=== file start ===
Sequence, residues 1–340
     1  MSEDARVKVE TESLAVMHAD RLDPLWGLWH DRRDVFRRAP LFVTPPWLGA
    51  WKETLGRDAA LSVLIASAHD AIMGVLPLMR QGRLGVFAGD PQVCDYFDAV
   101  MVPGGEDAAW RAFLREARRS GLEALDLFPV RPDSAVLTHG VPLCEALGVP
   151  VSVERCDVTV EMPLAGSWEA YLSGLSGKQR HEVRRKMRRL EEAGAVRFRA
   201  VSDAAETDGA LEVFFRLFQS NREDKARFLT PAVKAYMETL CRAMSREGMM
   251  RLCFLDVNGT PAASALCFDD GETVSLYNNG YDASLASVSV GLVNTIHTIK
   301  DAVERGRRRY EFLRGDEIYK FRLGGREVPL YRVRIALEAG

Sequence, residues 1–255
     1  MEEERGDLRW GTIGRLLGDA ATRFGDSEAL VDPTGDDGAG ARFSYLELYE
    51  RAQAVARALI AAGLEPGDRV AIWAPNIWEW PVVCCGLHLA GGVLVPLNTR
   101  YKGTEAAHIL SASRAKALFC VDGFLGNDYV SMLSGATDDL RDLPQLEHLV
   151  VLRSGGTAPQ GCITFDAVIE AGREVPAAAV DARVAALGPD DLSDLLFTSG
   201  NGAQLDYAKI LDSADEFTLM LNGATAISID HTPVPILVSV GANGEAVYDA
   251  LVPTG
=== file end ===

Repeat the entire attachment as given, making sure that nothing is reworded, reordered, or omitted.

Sequence, residues 1–340
     1  MSEDARVKVE TESLAVMHAD RLDPLWGLWH DRRDVFRRAP LFVTPPWLGA
    51  WKETLGRDAA LSVLIASAHD AIMGVLPLMR QGRLGVFAGD PQVCDYFDAV
   101  MVPGGEDAAW RAFLREARRS GLEALDLFPV RPDSAVLTHG VPLCEALGVP
   151  VSVERCDVTV EMPLAGSWEA YLSGLSGKQR HEVRRKMRRL EEAGAVRFRA
   201  VSDAAETDGA LEVFFRLFQS NREDKARFLT PAVKAYMETL CRAMSREGMM
   251  RLCFLDVNGT PAASALCFDD GETVSLYNNG YDASLASVSV GLVNTIHTIK
   301  DAVERGRRRY EFLRGDEIYK FRLGGREVPL YRVRIALEAG

Sequence, residues 1–255
     1  MEEERGDLRW GTIGRLLGDA ATRFGDSEAL VDPTGDDGAG ARFSYLELYE
    51  RAQAVARALI AAGLEPGDRV AIWAPNIWEW PVVCCGLHLA GGVLVPLNTR
   101  YKGTEAAHIL SASRAKALFC VDGFLGNDYV SMLSGATDDL RDLPQLEHLV
   151  VLRSGGTAPQ GCITFDAVIE AGREVPAAAV DARVAALGPD DLSDLLFTSG
   201  NGAQLDYAKI LDSADEFTLM LNGATAISID HTPVPILVSV GANGEAVYDA
   251  LVPTG